Not for nearly 25 years has Aung San Suu Kyi dared step outside her homeland. Not even to see her husband as he lay dying in Britain. If she ever left, she feared, Myanmar’s military government would never let her return home.
Determined never to give up, the woman who has become an icon not only for her own people but for democracy activists worldwide refused to give the generals an opportunity to sideline her. She put up with 15 years of house arrest rather than risk becoming an exiled irrelevance.
Now she is on her first international trip since 1988, visiting neighboring Thailand to attend a World Economic Forum summit on Friday, in a sign of her confidence in recent reforms in Myanmar (also known as Burma).
Today, though, her first full day abroad, she must have felt right at home.
Ms. Aung San Suu Kyi spent the morning in the town of Mahachai, home to Thailand’s largest community of Burmese migrant workers. Thousands mobbed her before she addressed the crowd from the balcony of a community center.
Around 2.5 million impoverished Burmese have fled their country in search of jobs in Thailand – an illustration of how badly Myanmar’s economy suffered under nearly half a century of military rule.
Sorting out that mess is one of the prime tasks facing Myanmar’s nominally civilian government. The political reforms the government has pushed through over the past 12 months – including partial parliamentary elections in April that Aung San Suu Kyi’s party won by a landslide – are generally seen as a first step toward economic recovery since they have prompted Western nations to suspend damaging economic sanctions.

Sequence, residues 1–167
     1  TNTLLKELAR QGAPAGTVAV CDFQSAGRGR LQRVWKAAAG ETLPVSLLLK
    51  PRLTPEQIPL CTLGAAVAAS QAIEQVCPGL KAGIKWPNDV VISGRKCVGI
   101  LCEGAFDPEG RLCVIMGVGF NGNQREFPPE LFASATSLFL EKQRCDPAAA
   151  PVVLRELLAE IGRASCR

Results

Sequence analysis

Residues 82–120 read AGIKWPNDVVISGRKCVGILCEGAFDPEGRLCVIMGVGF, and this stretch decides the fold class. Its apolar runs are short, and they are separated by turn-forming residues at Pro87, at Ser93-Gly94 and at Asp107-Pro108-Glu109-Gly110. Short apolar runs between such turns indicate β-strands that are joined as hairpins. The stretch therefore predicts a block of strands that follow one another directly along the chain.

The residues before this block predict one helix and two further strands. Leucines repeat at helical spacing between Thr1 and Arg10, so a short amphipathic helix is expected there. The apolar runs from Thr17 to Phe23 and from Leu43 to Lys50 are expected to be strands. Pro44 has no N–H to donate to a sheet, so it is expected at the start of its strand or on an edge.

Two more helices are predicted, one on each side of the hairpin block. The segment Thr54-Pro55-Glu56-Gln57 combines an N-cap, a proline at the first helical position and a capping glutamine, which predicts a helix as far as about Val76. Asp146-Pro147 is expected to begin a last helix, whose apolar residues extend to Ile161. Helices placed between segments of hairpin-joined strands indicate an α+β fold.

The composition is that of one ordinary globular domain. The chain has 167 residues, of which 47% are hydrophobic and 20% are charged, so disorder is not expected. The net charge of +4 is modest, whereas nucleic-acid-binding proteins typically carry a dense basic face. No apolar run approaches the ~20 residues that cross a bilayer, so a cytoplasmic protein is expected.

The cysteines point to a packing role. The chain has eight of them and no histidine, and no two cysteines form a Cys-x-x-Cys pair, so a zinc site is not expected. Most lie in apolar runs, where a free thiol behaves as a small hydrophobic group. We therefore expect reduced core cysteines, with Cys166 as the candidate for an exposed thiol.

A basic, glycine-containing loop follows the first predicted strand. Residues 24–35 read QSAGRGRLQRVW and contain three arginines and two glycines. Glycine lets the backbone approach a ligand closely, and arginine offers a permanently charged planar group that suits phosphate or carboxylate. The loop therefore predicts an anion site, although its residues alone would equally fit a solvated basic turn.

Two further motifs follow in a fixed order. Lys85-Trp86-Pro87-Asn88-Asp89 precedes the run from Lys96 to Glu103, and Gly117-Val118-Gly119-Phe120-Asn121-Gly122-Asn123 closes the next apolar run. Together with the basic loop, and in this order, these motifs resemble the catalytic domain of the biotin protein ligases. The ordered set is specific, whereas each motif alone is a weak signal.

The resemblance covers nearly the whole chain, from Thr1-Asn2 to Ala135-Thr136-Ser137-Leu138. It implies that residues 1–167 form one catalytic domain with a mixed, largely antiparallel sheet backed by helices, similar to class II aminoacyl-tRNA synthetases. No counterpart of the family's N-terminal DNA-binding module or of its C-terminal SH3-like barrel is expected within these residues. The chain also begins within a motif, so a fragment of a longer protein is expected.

On Friday, at the World Economic Forum, Aung San Suu Kyi will be addressing the sorts of Asian movers and shakers whom Myanmar is counting on to invest in the country’s economic revival. Businessmen from around the world have recently been pouring into Yangon, the country’s commercial capital, seeking opportunities as Myanmar opens up to the rest of the world.
Aung San Suu Kyi’s trip to Thailand is a sort of test run, though nobody seriously expects the Myanmar government to turn her back when she flies home to Yangon this weekend.
Next month she sets off on a more ambitious journey, and one freighted with sentiment as much as with politics, to Europe.
Besides visiting Switzerland and Ireland, Aung San Suu Kyi will go to Britain, where she was living before she returned to Myanmar in 1988 to care for her ailing mother, and where her British husband died in her absence. She will also go to Oslo, to formally accept the Nobel Peace Prize that she could not collect in person in 1991, for fear of getting stuck outside her homeland.